It is apparent, therefore, that the limited time frame has been set to deliberately discourage those nursing candidacy and, by extension, presidential ambitions within the CCM orbit, and thereby smoothen Kikwete's bid for a constitutionally-mandated second, final, five-year term as Head of State.
CCM presidential candidates who locked horns in the primaries in 2005 were Chairman of Mwalimu Nyerere Foundation Dr Salim Ahmed Salim, Former Prime Minister Frederick Sumaye, Ambassador Ali Karume, Former Minister in President's Office Planning and Privatisation Dr Abdallah Kigoda, Former CCM Vice Chairman and Prime Minister John Malecela and the incumbent President Jakaya Kikwete.
Others were Former Minister for Industries and Trade Iddi Simba, Ambassador Patrick Chokala, Minister for Water and Irrigation Prof Mark Mwandosya, Former MP for Sengerema constituency Dr William Shija and Maswa MP John Shibuda.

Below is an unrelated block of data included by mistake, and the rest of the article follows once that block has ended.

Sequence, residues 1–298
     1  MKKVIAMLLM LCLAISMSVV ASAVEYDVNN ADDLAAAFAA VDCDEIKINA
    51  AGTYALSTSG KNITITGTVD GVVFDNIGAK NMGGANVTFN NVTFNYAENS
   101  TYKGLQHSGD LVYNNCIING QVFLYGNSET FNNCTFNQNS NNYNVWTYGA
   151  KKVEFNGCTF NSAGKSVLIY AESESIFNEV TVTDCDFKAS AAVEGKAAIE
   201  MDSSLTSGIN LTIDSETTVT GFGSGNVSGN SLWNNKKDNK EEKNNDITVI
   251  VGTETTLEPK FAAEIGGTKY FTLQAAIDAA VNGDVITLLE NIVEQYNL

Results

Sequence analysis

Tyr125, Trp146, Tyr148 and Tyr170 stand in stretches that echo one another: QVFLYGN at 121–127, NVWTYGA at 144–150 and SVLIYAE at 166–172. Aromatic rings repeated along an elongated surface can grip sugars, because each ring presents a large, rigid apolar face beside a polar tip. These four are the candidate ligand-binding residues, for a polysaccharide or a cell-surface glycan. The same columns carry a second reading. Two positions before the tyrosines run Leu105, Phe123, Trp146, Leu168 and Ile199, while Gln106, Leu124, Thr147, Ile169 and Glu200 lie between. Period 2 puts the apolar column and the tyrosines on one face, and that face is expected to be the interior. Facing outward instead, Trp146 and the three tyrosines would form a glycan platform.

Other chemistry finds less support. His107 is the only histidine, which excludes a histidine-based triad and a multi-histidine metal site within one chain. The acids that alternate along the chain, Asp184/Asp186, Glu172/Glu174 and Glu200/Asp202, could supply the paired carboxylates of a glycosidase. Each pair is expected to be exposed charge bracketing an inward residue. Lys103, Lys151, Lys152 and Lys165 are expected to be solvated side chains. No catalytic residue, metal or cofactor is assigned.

The party's Central Committee (CC) trimmed down the list from eleven to five. Those dropped were Malecela, Shibuda, Chokala, Dr Shija and Simba. The remaining five aspirants were screened by the National Executive Committee, dropping two: Kigoda and Sumaye.
The names of the top three were taken to the party's Congress for voting in which President Kikwete emerged the victor. Dr Salim was the first runner while Prof Mwandosya was in the third slot.
CCM Ideology and Publicity Secretary John Chiligati told The Guardian On Sunday over the weekend that the decision by NEC to allocate only ten days for the nomination process was deliberate, as the party didn't expect any member to challenge President Kikwete, whose performance during the first five-year term he said was exemplary.
"We saw no reason for allocating time for candidates to move around the country to seek support as it was the case with 2005 because this time we are going to have only one candidate who does not need to go around the country for self introduction, including seeking signatures of support from members," Chiligati said. The spokesman added: "We have an internal arrangement of re-nominating the incumbent president to vie for the post of president if the party is satisfied with his performance in the first term. Now, this also applies to this year's general elections whereby after assessing the performance of the incumbent, we have decided that he be given another term,"